Ein Gedi (Ein – spring, Gedi – goat-kid referring to ibex native to the area) is an Indigenous Jewish town by Dead Sea, an oasis in the Judean Desert, and part of newly founded Israel since 1949.
The area is fed by two streams providing water year round (Nahal David and Nahal Arugot) and two springs (Shalamit and Ein Gedi). It was a Jewish rebel outpost during Bar Kochba Revolt per letters found in the Qumran area; Roman garrisons were later stationed here.
Over 3 million cubic meters of water flow through the springs annually, which is used for agriculture or bottled for human consumption. Kibbutz Ein Gedi is one kilometer from the oasis on hill overlooking Arugot Brook, which is home to 900 species of plants representing tropical, desert, Mediterranean and steppian regional plants, as well as several botanical gardens. The nature reserve spans 320 feet below sea level to 200 feet above sea level. The area also is known for its health spas and resorts, bromide filled air, negative ions, and hot pools with sulfur water contributing to many health benefits being marketed. Ein Gedi is home of the lowest agricultural farm in the world (320 meters below sea level, 80 meters above Dead Sea level), and the world’s first nature reserve field school, established in 1960.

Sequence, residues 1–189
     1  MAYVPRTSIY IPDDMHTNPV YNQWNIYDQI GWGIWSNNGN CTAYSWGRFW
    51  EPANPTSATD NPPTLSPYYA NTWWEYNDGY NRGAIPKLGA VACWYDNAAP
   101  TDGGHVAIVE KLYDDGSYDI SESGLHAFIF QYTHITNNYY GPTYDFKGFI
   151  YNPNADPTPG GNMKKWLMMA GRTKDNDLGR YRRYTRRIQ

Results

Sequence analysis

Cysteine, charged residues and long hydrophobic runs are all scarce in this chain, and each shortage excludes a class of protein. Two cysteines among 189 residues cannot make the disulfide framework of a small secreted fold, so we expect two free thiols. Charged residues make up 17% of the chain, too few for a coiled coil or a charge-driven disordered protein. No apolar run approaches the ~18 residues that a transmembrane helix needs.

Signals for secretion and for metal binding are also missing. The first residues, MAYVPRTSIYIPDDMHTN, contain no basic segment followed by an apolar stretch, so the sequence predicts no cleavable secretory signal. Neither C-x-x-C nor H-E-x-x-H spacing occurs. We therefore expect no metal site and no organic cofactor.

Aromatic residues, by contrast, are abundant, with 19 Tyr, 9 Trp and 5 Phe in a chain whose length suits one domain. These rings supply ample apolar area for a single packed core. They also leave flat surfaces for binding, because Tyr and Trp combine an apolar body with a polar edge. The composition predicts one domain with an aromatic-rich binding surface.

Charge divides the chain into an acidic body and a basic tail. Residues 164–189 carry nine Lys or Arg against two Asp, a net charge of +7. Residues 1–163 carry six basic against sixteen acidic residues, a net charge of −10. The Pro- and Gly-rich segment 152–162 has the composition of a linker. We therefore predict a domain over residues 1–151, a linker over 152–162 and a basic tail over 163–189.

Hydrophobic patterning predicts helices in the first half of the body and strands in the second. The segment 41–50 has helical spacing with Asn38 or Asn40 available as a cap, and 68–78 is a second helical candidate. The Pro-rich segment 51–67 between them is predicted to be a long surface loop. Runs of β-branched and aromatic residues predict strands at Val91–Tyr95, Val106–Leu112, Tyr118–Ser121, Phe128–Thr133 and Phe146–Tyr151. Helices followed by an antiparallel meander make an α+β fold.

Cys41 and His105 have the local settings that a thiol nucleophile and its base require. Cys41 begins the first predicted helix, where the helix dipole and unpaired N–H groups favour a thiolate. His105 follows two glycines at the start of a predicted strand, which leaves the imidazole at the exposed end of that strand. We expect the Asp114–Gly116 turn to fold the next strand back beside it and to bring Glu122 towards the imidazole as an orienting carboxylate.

Dates and persimmons are especially prominent in the Ein Gedi area. The resin of persimmon is used for balsam manufacture; balsam is an important perfume indigenous to this area. Fortresses and watch towers were built to protect the trade routes through the area, and protect the persimmon groves from Romans who showed interest in confiscating the persimmons and the overall perfume industry under Marc Antony. This was an affluent area not only from perfume but also sale of Dead Sea minerals.
Picture originally found here